Forms are the lifeblood of your leads. If properly optimized, conversion rates will rise, if used improperly, your conversion rate will fall faster than MySpace users after the creation of Facebook.
Why? Because forms are a vital decision point where your target audience asks themselves, “Is the information this company is offering really worth the personal information they are seeking?” When your forms are properly optimized the chances of the answer to that question being ‘Yes,’ greatly increases.
Step 1: Pick a form to optimize
- Head to your HubSpot marketing dashboard.
- Navigate to your Landing Page tool by clicking Content & Landing Pages
- Sort your published landing pages by views, in descending order.
- Pick the highest viewed landing page on the conversion rate below your company’s benchmark. Conversion rates depend on many different elements outside the content of the landing page — industry, B2B/B2C, and seasonality, just to name a few. Your own benchmark conversion rate will be a judgment call as you compare the rates of the various landing pages you’ve created.
Step 2:Determine which stage in the buyer’s journey your landing page fits into
As with everything inbound, you need to know what stage of the Buyer’s Journey you’re targeting. The content in your landing page and the form fields you ask to be filled out are going to be different depending on whether your prospect fits best into the Awareness, Consideration or Decision stage of their buyer’s journey.
Step 3: Choose the appropriate fields for your form based on the buyer’s journey stage
Now that you’ve decided what stage of the buyer’s journey you are focusing on it’s time to choose the fields for your form:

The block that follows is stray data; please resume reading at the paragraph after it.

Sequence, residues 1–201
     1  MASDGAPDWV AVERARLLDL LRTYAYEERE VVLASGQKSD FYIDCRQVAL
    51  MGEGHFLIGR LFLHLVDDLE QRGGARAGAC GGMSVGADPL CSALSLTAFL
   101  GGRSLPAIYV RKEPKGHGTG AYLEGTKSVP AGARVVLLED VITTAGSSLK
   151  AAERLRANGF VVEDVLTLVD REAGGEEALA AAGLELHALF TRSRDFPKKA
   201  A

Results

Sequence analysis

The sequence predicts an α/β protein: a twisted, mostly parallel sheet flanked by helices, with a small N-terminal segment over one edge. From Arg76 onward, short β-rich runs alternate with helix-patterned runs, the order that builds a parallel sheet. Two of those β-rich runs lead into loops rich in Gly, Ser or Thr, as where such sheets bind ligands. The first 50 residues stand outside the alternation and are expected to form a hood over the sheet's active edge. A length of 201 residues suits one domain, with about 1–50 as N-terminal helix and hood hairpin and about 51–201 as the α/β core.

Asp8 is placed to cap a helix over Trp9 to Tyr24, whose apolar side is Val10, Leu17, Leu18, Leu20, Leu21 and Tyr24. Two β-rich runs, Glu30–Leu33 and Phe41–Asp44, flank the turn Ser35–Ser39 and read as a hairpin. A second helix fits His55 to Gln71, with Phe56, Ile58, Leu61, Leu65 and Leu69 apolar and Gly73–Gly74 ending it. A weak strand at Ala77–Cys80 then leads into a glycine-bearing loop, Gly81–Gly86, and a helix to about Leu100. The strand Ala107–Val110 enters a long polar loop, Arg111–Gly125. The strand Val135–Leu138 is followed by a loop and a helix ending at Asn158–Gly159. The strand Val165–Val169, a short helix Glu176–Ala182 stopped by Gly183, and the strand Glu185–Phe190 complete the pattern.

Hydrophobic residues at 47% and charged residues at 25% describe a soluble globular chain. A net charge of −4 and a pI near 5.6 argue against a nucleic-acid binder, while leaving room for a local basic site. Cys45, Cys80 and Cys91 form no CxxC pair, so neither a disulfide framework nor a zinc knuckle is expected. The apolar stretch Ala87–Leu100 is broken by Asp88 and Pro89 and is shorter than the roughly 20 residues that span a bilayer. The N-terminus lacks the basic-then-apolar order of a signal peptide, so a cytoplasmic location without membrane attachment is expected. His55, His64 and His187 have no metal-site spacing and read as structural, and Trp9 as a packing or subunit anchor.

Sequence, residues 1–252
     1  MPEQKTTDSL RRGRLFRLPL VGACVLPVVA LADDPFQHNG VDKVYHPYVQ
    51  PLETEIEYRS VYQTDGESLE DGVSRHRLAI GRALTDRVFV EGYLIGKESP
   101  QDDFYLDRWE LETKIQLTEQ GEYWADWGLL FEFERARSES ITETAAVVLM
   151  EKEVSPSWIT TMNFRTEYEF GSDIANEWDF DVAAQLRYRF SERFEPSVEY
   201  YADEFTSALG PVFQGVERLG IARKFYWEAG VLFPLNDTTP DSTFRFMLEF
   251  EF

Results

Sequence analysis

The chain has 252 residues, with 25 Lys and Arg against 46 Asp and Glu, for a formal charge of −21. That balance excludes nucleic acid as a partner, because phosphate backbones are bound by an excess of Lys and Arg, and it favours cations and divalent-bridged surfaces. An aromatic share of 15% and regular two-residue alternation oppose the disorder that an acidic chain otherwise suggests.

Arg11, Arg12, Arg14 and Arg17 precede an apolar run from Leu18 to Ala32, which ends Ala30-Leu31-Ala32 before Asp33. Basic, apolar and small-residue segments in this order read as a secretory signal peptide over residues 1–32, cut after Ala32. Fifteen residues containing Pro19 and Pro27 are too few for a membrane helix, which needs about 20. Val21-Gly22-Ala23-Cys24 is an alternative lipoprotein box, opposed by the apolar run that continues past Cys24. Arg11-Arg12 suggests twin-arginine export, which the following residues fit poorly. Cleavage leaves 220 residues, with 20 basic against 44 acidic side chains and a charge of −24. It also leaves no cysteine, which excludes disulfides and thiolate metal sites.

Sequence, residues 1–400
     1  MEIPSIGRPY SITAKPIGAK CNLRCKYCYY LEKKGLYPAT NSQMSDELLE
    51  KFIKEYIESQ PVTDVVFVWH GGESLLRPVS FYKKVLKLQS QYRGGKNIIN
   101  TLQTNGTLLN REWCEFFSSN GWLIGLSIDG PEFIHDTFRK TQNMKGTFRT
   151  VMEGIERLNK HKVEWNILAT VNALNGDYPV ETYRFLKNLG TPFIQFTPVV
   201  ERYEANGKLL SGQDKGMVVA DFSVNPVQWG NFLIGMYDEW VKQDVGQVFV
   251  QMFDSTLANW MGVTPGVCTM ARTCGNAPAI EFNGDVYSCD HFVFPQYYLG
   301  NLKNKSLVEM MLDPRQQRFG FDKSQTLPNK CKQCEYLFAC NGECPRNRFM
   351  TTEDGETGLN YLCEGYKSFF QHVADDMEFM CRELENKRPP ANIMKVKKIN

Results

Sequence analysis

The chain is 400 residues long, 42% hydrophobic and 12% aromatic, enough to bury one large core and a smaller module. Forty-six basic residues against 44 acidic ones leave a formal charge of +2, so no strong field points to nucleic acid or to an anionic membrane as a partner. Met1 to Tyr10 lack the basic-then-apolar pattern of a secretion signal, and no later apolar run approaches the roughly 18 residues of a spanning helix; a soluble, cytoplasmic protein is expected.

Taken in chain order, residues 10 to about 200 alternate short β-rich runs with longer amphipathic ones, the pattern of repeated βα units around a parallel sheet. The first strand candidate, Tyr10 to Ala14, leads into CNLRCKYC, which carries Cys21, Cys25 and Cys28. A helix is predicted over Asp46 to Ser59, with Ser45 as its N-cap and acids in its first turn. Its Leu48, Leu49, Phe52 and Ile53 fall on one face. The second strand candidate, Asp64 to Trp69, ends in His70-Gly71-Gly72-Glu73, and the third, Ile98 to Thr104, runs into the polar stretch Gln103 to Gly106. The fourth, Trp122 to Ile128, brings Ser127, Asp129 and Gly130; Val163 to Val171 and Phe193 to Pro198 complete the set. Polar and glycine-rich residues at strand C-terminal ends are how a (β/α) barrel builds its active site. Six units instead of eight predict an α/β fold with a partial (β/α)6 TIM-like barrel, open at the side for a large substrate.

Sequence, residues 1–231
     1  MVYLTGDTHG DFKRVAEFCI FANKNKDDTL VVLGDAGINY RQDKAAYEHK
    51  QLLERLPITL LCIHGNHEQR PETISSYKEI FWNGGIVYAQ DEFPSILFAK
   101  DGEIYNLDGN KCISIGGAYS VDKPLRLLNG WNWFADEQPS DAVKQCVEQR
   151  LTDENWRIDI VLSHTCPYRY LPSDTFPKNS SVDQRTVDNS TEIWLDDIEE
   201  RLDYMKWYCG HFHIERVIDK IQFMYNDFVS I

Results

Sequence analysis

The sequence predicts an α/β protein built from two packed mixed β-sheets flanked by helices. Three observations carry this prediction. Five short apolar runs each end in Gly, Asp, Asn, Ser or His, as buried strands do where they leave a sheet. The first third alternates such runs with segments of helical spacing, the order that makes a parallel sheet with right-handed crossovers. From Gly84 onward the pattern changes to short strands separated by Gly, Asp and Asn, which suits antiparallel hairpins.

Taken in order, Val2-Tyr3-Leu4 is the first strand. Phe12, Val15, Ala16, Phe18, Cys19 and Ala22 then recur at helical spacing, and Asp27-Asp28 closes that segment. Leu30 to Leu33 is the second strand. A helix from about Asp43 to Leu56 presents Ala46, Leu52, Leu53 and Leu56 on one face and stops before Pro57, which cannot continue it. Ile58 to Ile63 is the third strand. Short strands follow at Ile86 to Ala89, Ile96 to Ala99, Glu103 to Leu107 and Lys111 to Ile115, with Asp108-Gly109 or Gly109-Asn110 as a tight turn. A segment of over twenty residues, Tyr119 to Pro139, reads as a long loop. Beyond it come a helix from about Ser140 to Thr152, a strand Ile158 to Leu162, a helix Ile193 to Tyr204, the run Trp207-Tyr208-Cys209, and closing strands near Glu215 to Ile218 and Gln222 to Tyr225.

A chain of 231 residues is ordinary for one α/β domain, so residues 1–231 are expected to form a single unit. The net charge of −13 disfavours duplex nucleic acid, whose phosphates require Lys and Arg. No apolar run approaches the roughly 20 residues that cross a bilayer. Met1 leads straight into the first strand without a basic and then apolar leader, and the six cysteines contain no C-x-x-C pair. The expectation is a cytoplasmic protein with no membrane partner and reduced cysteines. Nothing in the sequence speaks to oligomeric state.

- Make a list of the most important questions you need to ask to best segment and market to your contacts. List them in order of importance, starting with the most important.
- Ask your sales team what information is important to them for qualifying and assigning leads. Also list these in order of importance, starting with the most important. This step is optional but, recommended.
- Choose which questions are most applicable to the buyers journey stage for this form.
- If your landing page is Awareness: Pick the 5 most important marketing questions.
- If your landing page is Consideration: Pick the 5 most important marketing questions + up to 2 of the most important sales questions.
- If your landing page is Decision: Pick the 5 most important marketing questions + up to 4 of the most important sales questions.
Every industry and organization is different. Use your inbound marketing intuition to decide the most relevant questions and the appropriate volume for that page. A good gut check is to ask yourself, “Will a visitor to this page feel comfortable answering these questions in exchange for this offer?”
Step 4: Collect data through hidden form fields
Identify questions from the list that you may need to collect but that you do not need to directly ask the visitor when they are filling out the form. For example, if someone is requesting a demo, it might be safe to use a hidden field to update their Lifecycle Stage to “Marketing Qualified Lead”.